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inspired by M. C. Escher
Quirky, mathematical, interdisciplinary, engaging us in thought experiments, visual paradoxes and mental puzzles, the art of M. C. Escher continues to inspire artists around the world. Most notably, the photographer Sebastian Luczywo makes many visual allusions to Escher’s art, which remains very popular to this day. Recently, the Escher exhibition in Brazil became, according to Blouin Art Info, “the world’s most popular art show,” drawing tens of thousands of viewers. (Blouin Art Info, April 13, 2012) Part of Escher’s continuing popularity can be explained in terms of the universal appeal of his art, which attracts those who love art and those who love mathematics or science alike. Like Picasso and Brancusi, in many respects Escher was an autodidact. He had little formal training in mathematics.
In fact, Escher discovered his passion for geometry, topology and visual paradoxes almost by accident, thanks to his travels to Alhambra, Spain. Escher was fascinated by the intricate, mathematical designs—or tessellations–he saw in the architecture of Alhambra, whose interlocking repetitive patterns of design would inspire much of his artwork.
The word “tessellation” comes from the Latin term “tessera” or small stone cube. “Tessellata” were the mosaic geometric designs of mosques (in which the representation of people or “idols” was strictly forbidden) as well as of Roman floors and buildings in general. Escher’s designs would “interlock” many objects–including his famous representations of fish and various critters–in fascinating patterns that create the magic of optical illusion.
Sebastian Luczywo’s photography sets into play tessellation patterns, reminiscent of the art of M. C. Escher, but gives them a metaphysical twist. In the photograph The Great Migration (see image at the top of the page), for example, we not only see the physical reflections of leaves in the pond in a manner similar to Escher’s art, but also a metaphysical reflection on the passage of time. Luczywo catches a moment in the life of a family reflected in the water, with one of the children holding a large clock. No matter how much photography may freeze this moment in time, time will flow on. The children will grow and move on to create their own lives; the parents will age. Photography attempts to immortalize a moment–and an important stage of our lives–that is, in fact, very fleeting. Personally, when I see this image it makes me think of the following implication: if we can’t live and appreciate each of these stages of our daily lives in the present, we will lose them forever, except in the images of our memories and art. But, of course, photography, like all art, is open-ended, not limited to any given interpretation. What you see reflected in this (or any) image is largely up to you as a viewer.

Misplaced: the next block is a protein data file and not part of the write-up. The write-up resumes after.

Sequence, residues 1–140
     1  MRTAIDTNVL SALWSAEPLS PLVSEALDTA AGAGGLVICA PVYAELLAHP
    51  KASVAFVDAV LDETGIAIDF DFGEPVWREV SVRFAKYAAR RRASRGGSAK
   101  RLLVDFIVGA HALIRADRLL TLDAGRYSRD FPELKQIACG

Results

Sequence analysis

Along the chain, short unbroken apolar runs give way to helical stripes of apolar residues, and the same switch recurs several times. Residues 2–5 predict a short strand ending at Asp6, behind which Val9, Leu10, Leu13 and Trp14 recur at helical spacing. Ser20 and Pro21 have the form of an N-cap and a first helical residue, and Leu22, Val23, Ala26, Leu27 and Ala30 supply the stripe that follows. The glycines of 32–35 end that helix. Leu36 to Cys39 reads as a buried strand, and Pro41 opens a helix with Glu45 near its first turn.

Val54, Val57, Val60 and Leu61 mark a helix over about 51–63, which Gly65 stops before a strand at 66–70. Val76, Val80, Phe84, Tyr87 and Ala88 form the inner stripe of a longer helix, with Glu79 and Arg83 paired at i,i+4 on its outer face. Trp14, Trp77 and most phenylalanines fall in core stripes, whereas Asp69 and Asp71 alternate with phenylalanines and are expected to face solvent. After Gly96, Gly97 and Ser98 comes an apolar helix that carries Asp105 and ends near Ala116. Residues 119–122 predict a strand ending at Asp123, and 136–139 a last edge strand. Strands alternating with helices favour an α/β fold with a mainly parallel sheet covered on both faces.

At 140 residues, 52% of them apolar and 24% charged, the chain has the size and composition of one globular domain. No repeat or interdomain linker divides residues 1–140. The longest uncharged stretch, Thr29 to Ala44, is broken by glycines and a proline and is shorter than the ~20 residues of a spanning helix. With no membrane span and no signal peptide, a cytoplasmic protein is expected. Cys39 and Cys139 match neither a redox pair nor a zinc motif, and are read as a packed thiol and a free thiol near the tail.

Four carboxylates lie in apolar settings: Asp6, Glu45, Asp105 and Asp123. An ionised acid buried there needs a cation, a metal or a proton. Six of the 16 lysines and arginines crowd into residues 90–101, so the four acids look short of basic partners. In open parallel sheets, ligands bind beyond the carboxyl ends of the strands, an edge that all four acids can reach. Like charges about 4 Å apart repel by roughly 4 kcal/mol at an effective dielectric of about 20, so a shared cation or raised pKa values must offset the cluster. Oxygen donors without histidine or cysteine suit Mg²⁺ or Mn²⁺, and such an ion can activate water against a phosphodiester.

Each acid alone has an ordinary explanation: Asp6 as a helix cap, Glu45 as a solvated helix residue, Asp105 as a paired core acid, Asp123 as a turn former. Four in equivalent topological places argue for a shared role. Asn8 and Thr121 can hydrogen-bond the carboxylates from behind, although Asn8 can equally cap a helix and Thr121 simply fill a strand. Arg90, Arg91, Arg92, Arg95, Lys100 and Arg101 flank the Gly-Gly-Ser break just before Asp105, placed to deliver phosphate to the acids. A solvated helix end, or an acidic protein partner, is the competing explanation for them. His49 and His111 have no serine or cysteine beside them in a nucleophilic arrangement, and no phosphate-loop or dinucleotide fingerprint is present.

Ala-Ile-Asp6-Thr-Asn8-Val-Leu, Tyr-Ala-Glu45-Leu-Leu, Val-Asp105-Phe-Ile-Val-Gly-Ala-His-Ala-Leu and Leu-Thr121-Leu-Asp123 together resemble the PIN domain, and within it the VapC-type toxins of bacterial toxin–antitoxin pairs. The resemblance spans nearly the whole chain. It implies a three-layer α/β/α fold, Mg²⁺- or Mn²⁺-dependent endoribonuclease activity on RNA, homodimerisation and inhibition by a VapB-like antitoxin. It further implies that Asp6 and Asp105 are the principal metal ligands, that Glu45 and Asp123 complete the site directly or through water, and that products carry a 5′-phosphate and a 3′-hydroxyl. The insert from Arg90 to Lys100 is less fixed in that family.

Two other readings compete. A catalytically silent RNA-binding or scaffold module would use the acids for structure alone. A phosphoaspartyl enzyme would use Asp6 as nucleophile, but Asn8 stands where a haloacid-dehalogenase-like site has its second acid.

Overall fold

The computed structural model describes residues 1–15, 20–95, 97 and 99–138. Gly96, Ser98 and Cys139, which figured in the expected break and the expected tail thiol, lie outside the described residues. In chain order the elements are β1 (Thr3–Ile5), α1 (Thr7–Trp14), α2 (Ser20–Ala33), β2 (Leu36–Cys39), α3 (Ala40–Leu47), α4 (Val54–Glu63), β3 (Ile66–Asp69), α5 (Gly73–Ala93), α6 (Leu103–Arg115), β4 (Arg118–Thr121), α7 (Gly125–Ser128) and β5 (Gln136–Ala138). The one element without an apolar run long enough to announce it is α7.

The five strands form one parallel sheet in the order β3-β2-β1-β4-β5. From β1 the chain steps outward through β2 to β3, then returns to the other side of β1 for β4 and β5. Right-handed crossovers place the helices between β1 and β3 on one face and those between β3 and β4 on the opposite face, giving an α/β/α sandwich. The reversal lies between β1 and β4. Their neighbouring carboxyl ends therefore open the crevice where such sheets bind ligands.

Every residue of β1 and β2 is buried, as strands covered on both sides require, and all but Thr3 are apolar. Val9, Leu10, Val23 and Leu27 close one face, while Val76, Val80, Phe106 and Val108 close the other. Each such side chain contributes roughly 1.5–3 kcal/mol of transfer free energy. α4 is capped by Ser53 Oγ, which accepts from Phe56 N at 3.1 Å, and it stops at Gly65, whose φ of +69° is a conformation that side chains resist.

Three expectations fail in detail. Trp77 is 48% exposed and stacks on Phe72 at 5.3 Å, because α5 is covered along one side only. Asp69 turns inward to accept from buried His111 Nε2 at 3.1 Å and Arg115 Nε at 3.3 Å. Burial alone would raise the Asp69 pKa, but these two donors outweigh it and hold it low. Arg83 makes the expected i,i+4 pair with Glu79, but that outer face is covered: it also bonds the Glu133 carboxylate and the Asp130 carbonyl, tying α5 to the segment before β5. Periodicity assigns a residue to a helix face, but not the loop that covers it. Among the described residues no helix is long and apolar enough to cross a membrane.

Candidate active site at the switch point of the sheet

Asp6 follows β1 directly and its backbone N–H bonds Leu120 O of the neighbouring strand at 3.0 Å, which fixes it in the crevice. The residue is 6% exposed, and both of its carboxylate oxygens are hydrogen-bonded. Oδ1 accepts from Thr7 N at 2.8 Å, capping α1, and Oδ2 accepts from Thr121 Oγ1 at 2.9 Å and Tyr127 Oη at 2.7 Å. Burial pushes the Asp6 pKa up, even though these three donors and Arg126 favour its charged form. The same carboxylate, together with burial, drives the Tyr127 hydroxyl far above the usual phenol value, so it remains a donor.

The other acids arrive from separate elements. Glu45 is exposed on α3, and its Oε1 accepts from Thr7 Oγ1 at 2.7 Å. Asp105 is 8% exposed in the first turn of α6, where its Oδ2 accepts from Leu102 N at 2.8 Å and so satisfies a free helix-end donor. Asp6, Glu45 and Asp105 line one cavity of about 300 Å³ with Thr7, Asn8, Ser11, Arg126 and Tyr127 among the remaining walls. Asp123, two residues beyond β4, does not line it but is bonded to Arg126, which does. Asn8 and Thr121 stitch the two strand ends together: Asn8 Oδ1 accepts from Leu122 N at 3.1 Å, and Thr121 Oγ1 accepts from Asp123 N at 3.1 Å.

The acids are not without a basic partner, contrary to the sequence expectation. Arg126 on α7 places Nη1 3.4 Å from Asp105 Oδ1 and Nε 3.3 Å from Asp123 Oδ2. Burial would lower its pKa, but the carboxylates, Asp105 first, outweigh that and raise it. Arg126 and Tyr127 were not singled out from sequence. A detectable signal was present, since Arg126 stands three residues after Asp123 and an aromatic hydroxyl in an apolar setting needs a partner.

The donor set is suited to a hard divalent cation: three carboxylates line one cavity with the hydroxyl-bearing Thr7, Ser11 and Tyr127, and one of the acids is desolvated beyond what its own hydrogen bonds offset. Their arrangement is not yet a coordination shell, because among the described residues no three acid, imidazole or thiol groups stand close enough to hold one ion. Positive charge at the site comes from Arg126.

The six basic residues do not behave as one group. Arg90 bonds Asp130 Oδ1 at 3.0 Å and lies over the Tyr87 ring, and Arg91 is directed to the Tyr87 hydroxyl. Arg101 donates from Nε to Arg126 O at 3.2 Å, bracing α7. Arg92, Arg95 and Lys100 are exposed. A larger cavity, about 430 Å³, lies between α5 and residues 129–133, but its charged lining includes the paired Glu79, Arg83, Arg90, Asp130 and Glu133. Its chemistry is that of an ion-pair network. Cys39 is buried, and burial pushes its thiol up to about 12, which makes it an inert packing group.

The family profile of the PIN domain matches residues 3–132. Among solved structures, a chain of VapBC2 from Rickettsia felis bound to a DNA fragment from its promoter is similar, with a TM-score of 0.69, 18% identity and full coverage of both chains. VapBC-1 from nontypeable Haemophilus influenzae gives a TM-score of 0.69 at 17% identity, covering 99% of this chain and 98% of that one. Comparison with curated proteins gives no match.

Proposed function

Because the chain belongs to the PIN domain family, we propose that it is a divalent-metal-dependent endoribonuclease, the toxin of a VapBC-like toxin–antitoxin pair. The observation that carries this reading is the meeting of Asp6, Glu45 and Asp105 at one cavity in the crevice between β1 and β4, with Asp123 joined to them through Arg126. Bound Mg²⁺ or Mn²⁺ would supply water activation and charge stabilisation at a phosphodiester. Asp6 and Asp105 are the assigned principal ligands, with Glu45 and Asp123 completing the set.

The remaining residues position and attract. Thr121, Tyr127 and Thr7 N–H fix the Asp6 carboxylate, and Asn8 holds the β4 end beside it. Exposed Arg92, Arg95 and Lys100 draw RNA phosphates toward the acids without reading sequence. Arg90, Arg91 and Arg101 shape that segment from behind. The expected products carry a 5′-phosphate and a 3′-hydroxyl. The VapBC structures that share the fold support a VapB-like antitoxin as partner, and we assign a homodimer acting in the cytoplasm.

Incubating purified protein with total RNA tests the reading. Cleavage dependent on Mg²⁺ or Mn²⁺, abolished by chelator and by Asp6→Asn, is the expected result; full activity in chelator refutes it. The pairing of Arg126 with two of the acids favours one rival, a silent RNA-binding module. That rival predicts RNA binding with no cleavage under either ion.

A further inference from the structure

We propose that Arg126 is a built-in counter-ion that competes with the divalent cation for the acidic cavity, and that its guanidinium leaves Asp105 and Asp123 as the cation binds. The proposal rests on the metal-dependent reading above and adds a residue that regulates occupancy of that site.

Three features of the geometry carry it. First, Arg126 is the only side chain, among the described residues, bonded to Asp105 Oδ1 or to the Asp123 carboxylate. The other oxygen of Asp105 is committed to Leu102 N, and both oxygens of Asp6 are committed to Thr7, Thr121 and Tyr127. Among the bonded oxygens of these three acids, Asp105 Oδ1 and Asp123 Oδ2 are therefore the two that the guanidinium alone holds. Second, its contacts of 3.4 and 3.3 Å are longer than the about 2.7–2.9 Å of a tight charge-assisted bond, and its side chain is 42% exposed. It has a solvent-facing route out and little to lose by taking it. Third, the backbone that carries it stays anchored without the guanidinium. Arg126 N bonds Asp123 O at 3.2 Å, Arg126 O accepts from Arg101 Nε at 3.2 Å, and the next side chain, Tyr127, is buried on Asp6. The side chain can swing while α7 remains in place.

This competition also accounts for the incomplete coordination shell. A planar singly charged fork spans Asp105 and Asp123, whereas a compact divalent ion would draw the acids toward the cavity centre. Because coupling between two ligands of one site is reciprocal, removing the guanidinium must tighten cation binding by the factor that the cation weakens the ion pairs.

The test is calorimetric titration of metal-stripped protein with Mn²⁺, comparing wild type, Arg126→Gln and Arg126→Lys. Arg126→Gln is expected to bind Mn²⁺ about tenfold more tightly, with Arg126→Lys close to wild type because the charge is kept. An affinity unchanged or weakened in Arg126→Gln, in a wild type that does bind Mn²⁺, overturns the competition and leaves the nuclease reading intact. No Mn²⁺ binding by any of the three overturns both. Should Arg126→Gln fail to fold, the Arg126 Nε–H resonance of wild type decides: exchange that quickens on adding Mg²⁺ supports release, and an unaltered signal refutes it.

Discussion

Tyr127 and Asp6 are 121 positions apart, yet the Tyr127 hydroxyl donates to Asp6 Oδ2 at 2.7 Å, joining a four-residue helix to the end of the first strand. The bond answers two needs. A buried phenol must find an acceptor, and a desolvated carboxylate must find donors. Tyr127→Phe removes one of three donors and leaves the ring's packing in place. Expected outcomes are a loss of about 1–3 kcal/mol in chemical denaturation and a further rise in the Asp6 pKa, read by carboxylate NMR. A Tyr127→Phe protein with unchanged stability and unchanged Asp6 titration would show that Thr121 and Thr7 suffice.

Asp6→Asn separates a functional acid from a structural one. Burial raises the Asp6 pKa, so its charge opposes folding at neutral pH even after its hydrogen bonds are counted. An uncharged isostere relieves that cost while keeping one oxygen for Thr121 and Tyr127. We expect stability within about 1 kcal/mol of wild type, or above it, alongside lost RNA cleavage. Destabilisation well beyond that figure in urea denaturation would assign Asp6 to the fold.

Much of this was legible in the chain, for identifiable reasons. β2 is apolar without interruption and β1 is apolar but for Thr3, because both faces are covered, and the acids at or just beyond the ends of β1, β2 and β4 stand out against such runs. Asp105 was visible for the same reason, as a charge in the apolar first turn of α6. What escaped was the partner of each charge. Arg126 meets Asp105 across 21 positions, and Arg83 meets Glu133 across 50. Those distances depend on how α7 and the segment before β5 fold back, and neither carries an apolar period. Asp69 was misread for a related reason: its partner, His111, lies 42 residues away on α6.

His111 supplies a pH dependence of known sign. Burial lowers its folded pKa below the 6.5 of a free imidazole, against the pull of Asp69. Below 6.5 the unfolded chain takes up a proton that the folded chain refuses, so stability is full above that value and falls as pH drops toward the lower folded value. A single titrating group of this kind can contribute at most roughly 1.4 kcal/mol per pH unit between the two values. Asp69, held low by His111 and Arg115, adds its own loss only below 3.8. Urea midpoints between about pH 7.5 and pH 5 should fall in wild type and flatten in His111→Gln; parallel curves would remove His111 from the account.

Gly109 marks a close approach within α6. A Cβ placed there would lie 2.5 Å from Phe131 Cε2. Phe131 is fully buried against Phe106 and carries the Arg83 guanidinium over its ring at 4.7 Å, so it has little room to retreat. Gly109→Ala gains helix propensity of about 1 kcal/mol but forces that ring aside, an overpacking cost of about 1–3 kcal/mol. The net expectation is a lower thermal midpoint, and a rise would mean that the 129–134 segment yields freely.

Like Escher does in some of his artwork, most notably Waterfall Up and Down, Luczywo stages provocative inversions and displacements, where objects, animals and human beings aren’t where we’d expect them to be. The world is topsy turvy, as it were, and nothing conforms to our expectations. For instance, in one of Luczywo’s photographs, the child is in the dog house and the dog stands outside of it. In another, a child pops up unexpectedly from underneath the train tracks; in yet another, The Birth of Music, a violin emerges from cupped hands in a wheat field.
In an article on Dodho.com, Sebastian Luczywo explains some of the reasons behind these unexpected twists: “I am in favour of being interested in the world, searching for new things, reaching for something you haven’t experienced so far. That is why I do my best to make my portfolio rich and diverse, not monotonous at all, as monotony attracts neither me nor my receipients I create my works for.” (http://dodho.com/sebastian-luczywo-photography/)
One of the effects or these surprising perspectives and role reversals is to defamiliarize the familiar, which, paradoxically, makes us appreciate the every day images, people and objects depicted even more. We may be inured to them when we see them in familiar ways and settings, but Sebastian Luczywo’s images, like M. C. Escher’s art, help us see our world with fresh eyes.
Claudia Moscovici, postromanticism.com